Most of the current program's titles are variably obscure ones with glittering Golden Age stars in scenarios that further tarnish legally challenged ladies before romance buffs them shiny again — most in "four hanky" soap operas targeted toward a working-class female audience later represented by Mia Farrow in The Purple Rose of Cairo (1985). Paramount's glossy 1933 Torch Song has the next year's Best Actress Oscar winner (for It Happened One Night), Claudette Colbert, as a nice girl turned dirty-blues chanteuse. Further down the totem pole, there's pre-screwball Carole Lombard as the heroine of Virtue (1932), introduced while being escorted out of New York by the vice squad. Her past won't quit her when she redeems herself via marriage to cynical cabbie Pat O'Brien. It's an archetypal pre-Code rediscovery, no doubt thrown together at the time yet wonderfully snappy, saucy, and even poignant now.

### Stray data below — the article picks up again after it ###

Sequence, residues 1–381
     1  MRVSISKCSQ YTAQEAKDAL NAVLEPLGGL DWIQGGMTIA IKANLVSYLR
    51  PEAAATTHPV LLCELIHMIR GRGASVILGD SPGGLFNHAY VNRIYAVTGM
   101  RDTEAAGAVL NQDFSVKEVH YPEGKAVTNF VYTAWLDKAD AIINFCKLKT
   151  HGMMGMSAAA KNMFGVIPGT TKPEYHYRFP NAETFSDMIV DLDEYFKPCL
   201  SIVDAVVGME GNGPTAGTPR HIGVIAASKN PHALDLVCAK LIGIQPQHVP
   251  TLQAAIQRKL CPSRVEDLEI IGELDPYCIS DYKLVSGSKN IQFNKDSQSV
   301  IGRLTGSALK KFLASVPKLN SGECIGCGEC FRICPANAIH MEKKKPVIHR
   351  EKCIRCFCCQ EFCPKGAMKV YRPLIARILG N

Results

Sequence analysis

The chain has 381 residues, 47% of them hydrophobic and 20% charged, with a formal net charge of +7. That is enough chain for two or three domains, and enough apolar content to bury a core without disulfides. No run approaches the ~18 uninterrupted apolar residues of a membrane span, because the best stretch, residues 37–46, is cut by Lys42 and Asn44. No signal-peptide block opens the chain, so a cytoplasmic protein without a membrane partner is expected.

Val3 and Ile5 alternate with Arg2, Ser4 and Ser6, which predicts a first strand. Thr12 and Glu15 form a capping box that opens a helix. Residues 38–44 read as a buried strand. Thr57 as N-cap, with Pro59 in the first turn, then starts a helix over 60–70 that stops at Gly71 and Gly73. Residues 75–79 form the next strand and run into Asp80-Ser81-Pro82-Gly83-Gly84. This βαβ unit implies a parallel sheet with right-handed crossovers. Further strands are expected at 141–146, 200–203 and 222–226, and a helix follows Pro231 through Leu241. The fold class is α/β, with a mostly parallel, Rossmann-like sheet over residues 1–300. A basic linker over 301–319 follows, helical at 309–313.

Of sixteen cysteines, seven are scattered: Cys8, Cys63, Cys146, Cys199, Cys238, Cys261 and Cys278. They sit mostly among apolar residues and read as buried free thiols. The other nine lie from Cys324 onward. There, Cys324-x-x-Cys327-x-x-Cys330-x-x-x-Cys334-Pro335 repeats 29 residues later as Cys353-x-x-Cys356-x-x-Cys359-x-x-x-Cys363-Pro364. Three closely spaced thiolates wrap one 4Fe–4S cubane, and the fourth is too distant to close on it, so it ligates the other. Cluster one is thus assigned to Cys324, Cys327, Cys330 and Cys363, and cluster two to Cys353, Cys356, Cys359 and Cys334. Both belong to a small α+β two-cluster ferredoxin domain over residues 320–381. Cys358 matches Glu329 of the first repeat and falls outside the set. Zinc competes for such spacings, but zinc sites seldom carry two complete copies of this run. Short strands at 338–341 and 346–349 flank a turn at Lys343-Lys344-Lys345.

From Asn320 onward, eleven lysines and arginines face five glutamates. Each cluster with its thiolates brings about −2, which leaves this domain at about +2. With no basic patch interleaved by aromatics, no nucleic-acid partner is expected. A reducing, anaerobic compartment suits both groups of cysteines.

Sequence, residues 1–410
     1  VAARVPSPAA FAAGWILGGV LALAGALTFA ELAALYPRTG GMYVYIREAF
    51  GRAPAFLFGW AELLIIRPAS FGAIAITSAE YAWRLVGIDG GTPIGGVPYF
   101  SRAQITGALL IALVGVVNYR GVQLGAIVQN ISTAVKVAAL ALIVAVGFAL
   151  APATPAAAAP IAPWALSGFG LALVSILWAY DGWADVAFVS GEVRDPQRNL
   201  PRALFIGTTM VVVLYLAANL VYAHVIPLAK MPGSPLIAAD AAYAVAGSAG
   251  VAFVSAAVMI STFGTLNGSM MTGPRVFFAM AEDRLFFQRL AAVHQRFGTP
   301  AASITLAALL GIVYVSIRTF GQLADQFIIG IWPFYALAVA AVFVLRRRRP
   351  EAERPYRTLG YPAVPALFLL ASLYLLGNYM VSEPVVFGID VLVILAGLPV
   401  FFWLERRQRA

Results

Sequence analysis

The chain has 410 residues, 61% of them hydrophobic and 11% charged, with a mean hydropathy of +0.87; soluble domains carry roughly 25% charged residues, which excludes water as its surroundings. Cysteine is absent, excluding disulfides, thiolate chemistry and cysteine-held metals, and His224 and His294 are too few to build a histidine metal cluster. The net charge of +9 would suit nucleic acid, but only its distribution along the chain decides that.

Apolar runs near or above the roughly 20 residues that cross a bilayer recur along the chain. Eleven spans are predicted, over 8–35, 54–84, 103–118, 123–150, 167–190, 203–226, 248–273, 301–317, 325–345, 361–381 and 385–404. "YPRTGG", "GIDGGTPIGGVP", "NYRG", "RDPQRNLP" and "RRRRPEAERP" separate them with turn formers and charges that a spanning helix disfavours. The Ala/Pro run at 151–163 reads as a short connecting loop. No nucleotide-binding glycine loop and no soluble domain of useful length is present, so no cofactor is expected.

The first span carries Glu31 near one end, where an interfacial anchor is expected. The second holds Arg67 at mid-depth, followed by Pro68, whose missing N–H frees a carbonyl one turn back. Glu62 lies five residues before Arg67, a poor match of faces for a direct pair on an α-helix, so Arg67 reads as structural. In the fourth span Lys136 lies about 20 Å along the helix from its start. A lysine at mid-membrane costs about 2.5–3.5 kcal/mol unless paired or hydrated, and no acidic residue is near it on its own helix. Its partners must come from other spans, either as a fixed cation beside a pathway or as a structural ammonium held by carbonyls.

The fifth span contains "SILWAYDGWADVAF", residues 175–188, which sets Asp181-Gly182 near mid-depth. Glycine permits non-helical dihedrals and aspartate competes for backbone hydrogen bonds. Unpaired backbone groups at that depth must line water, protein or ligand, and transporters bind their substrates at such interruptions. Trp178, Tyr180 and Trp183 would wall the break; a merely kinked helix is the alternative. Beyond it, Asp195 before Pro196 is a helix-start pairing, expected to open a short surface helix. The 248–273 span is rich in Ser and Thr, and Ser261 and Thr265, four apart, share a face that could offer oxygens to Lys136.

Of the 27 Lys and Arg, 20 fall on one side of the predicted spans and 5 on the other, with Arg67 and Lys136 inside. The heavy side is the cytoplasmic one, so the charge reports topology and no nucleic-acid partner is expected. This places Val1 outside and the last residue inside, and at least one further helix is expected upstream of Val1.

Its themes are taken even further by films set in the era's reliably lawless "tropical" locales, fictive or otherwise. Nothing's quite so filthy by implication as brief near-star ("The Girl with the Naughty Twinkle in Her Eye!") Dorothy Mackaill's 1931 William Wellman-directed Safe in Hell, wherein she's the runaway goodtime-girl "only white woman on the island." Save perhaps 1934's pre-Code last huzzah Black Moon, a voodoo potboiler that puts King Kong's girlfriend Fay Wray in yea worse peril.
Other notable highlights include Waterloo Bridge, the rarely-revived 1931 first version of Robert Sherwood's play by Frankenstein director James Whale; quasi-Sapphic, proto-Petrified Forest melodrama Heat Lightning (1934); and a tribute to staple Hollywood character actor Lyle Talbot, whose author daughter Margaret will appear before screenings March 7.
"Hollywood Before the Code: Deeper, Darkier, Nastier!"
March 1-7, $11 (double and triple features)
3117 16th St, SF